By David Yamaguchi
The North American Post
In these extraordinary times, the ordinary people of our divided nation need to find ways to come together as one. As Sansei of my vintage are turning sixty, we are getting old enough to have outreach stories of our own to tell, to lay on top of those of the generations that have preceded us. Below are three of mine.
For my first job out of college, I worked as a summer interpreter for the Forest Service in Mimbres, New Mexico. I led visitors on nature hikes. As my cabin in back of the ranger station was far from town, I remember an early day off when I hitchhiked there, to go grocery shopping. I did not yet own a car.
The desert journey to town went well enough, but the way home was something else. For by then, evening was descending, and people would not give me a ride. I was a young guy with long hair and a backpack.
Ultimately, it was an elderly Chicano couple who rolled down their window two inches, to take a look at me.
“Do you have a gun? A knife?” I remember them asking. After which they opened the back door of their car, and offered the lift I very much needed as far as they were going.
As I got closer to the forest, a Chicano fire-crew worker recognized me, and gave me a ride further.
“Hey Dave, hop in,” he had said.
After the story of my trip to town made the rounds, my Chicano neighbors began supplying me fresh eggs and milk, to lessen my need for long grocery runs. An elderly retired white miner also began taking me to town when he went. Today, the Internet tells me that the distance of my journey, from the Mimbres Ranger Station to Silver City, was 28 miles.
By chance, the next three summers would find me riding small helicopters and fixed-wing Cessna’s between log-cabin villages in the Brooks Range, Alaska. I was a field assistant on a UW team studying the forests there north of the Arctic Circle.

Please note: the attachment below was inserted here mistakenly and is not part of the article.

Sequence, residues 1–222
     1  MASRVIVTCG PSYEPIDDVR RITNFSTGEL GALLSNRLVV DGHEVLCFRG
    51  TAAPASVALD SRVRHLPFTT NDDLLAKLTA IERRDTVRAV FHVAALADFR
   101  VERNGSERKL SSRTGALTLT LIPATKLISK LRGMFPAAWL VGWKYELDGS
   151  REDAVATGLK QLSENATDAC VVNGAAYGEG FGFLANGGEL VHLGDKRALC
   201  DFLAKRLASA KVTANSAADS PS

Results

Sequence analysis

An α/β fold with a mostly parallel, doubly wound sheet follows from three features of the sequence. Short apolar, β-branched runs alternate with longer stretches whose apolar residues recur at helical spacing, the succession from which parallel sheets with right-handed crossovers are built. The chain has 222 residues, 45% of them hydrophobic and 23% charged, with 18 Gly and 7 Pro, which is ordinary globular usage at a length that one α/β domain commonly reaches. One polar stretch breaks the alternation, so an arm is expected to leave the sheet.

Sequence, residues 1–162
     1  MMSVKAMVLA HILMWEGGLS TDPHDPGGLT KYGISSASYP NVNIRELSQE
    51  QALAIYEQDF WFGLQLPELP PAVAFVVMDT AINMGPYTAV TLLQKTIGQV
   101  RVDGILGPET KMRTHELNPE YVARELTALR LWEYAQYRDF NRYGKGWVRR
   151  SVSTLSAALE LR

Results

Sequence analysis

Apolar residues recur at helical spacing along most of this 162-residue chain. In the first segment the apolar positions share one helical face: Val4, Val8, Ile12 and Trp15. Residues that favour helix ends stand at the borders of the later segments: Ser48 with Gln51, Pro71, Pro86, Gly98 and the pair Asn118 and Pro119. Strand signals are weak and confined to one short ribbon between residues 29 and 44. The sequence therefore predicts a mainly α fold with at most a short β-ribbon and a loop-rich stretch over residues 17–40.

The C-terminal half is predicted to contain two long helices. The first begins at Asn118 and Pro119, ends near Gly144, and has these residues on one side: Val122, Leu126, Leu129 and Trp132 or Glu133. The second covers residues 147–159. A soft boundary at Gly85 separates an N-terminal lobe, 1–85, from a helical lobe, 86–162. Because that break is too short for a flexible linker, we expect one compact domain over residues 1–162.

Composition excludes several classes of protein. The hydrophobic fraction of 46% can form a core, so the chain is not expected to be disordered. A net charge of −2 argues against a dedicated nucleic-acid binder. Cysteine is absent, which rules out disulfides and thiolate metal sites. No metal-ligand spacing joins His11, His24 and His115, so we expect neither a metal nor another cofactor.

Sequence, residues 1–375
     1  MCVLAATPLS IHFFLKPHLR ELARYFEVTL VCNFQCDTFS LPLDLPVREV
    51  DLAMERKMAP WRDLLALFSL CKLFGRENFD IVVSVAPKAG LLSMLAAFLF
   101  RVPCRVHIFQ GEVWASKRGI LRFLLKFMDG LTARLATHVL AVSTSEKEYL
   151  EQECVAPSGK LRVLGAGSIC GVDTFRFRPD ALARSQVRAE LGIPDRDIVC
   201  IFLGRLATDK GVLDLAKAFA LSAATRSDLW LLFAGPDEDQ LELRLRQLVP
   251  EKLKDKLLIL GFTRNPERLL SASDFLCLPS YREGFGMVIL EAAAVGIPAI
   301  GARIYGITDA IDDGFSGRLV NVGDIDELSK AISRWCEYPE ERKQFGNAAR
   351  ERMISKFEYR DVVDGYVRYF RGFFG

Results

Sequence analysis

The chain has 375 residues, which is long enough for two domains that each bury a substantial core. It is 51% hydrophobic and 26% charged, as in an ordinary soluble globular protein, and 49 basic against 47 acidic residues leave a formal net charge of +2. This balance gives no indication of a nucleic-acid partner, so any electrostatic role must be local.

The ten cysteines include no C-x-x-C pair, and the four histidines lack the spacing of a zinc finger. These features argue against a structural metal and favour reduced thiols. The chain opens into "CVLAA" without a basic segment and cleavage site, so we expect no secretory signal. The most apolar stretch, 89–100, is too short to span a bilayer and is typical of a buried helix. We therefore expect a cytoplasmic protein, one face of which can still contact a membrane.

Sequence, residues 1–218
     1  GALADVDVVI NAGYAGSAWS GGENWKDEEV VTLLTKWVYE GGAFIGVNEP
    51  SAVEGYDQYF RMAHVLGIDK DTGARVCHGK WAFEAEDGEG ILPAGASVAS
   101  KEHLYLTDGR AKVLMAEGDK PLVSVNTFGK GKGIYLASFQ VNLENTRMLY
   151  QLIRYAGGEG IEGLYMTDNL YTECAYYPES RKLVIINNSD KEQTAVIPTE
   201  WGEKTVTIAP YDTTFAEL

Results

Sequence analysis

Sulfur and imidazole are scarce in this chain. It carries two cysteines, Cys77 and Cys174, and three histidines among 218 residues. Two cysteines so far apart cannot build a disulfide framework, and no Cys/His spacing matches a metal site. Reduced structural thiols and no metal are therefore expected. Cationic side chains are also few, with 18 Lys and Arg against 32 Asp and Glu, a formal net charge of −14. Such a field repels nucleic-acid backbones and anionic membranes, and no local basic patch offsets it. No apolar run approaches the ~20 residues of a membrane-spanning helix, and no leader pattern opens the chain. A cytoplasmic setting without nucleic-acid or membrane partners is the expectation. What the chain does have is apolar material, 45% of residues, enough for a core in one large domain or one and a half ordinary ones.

Like airport shuttle-vans, the Vietnam-veteran bush pilots of those days would drop us off and pick us up as they could, juggling their passengers, loads, and destinations. I liked those pilots a lot, for they were experts at their craft, cool under fire, and funny. They knew a ton of jokes, which they would share with us around the campfire in the evenings. They would get us in, remember where they dropped us off, and come get us.
I remember frequently being wet and cold on those expeditions. We were commonly out in drenching rain.
Left temporarily at one native-village airfield—I don’t recall its name—I remember one man running out into the downpour to see who we were, why we were there.
“Hey man, what tribe you from?” he had asked me. This was quickly followed with, “Come in for coffee.”
Then, after a pause and a grin, he said, “Your white friends can come too.”
Of course, such stories of reaching across ethnic and socioeconomic lines have not always been one-way. Now and then, when I have occasion to talk with a Vietnam vet, I tell him about those pilots I met.
Likewise, several years ago I remember getting my haircut at Vue’s Beauty School at Eighth and King in the International District. Friends kid me about my doing this, but like many guys, I am not so particular about my hair. Vue’s is convenient and cheap. Moreover, the Asian-immigrant student hair-cutters there are good. They also need real heads to practice on. On my end, I enjoy the opportunity to interact with the students. At least twice, Vue’s has trotted out one who speaks Japanese.
Back to my story, the Vietnamese hair-cutter on that day had been in a quandary. Her life was hard. In broken English, she described how she was wondering whether she should stay in Seattle, or take her kids back to Vietnam. She had extended family there that could help her with her life.
As this is not a new problem, I had replied, “We say ‘Kodomo no tame ni’ [for the sake of the children].” I asked her which country offers her children a better future.
By the end of my haircut, she was beaming.